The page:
Wednesday, July 8, 2009

Portfolios for grad school: some like a little, some like a lot

I got a question about tips for assembling a portfolio for grad school applications, and I must say that this is one place where it's kind of a crapshoot. I don't know what it's like these days, but whatever you send to them needs to be really legible and comprehensible. Therefore, lots of formatting and putting extra graphics on your images when you send them to potential grad schools. In terms of formatting and sizes of images, grad schools generally tell applicants what they want and how they want it. Some schools will limit you to 12 or so 8.5" x 11" color images, and some will accept any kind of creative submission. When I applied to University of Virginia back in 1998, they allowed you to submit paintings and even poetry and creative writing samples. Their guidelines also indicated that the portfolio should be about half an inch thick. That sounded ridiculous to me, as between keeping up with all my classes and projects in four years of college, I hadn't produced enough work to make a 1/4"-high stack. I had to pad my application with some paintings and things I'd written back in high school. Needless to say, I didn't get in.

But what to submit? Start with really good, recent college projects. Get good photos or scans of your sheets/boards at a high resolution so that they read well on whatever small-format sheet they limit you to. Color images are generally better than black and white, of course, unless for some reason your images look better in black and white. If you're really good at models, include a couple shots of your good models. If there's a way to describe in a few sentences or explain each of the projects you include, either on a cover sheet or on a page with a plan, then do so. As for the rest of the content, the school will uaully tell you what they want in the portfolio. Some colleges will also accept images of paintings, sculpture, or other visual arts work. They may also accept drawings and photos of anything you've actually built, like a deck or a shed or furniture.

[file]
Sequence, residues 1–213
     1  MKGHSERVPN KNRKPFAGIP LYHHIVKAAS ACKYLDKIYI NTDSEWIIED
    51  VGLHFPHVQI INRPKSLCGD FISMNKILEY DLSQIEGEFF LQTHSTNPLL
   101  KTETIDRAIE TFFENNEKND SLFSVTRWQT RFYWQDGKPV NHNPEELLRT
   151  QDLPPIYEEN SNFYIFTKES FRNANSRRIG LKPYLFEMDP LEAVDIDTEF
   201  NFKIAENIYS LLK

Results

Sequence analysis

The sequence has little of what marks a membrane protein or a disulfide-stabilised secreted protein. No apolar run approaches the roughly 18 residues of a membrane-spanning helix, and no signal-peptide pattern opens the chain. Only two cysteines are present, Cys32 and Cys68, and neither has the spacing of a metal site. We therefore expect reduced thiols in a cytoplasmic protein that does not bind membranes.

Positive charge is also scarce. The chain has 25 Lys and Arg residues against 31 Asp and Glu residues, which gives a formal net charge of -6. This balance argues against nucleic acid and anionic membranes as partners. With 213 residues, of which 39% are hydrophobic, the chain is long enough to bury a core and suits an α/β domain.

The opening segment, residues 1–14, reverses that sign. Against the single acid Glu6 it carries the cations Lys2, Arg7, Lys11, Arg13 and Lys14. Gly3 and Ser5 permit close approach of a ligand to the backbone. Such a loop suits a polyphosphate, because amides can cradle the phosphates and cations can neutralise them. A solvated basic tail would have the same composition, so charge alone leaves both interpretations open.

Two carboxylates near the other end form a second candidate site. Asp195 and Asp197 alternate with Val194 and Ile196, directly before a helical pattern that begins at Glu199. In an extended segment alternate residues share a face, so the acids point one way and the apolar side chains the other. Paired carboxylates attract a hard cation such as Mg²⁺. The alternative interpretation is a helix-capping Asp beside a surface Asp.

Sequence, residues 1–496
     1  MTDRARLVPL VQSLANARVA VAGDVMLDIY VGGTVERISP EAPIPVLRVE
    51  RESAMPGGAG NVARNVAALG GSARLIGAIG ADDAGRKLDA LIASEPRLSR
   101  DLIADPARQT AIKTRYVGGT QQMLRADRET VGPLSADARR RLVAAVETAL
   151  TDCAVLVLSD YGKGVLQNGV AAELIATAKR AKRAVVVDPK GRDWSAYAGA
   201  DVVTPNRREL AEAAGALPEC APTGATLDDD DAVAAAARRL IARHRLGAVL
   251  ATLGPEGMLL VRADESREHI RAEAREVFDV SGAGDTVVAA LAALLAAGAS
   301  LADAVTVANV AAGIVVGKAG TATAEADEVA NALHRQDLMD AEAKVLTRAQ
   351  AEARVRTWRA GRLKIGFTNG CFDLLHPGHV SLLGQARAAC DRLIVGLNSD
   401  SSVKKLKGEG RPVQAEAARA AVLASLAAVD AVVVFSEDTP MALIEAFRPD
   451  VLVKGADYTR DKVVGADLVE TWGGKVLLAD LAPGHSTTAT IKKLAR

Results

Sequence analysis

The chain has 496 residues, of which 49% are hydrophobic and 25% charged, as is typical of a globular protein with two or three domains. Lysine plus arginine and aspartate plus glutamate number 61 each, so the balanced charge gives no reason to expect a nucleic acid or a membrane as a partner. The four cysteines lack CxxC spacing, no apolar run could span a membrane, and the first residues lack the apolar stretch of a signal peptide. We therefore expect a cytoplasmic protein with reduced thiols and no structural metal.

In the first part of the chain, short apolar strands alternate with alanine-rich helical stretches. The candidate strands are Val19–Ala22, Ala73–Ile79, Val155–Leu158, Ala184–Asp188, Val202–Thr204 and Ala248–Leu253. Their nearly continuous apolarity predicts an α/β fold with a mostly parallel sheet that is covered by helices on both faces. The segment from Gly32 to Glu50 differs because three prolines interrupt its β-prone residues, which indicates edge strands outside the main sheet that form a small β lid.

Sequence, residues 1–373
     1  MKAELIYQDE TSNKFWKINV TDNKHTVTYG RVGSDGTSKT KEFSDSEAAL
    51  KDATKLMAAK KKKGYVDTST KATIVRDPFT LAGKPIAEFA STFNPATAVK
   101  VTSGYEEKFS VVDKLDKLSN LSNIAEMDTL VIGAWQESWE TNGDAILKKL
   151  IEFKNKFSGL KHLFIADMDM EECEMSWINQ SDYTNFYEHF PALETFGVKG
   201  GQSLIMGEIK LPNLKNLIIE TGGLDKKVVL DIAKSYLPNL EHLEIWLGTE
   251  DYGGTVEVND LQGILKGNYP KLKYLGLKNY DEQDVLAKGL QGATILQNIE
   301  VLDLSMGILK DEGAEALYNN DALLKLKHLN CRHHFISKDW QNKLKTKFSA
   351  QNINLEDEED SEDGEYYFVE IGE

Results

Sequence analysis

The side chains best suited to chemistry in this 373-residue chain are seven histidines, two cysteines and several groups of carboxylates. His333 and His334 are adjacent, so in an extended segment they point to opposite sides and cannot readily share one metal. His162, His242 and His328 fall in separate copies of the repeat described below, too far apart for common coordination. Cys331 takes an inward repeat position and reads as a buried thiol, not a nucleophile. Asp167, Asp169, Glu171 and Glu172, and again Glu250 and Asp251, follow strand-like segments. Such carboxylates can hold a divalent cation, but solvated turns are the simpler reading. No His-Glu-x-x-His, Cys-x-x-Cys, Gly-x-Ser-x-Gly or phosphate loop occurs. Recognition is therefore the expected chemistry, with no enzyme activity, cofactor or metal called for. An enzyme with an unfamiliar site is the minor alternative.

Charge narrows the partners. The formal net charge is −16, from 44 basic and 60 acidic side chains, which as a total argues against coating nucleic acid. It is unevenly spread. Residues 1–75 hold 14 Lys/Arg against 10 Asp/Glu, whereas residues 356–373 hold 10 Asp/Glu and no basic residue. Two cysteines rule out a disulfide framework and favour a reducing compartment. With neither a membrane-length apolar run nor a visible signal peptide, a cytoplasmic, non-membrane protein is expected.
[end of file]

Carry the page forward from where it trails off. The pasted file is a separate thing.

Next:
If anything, edit wisely. What images of what projects make you look like you're a good designer and that you understand how a building goes together? Usually, you're better off submitting 15 pages of good images of three projects and one painting than 40 pages of all the projects you've done since sophomore year and several paintings and sculptures. Quality over quantity.

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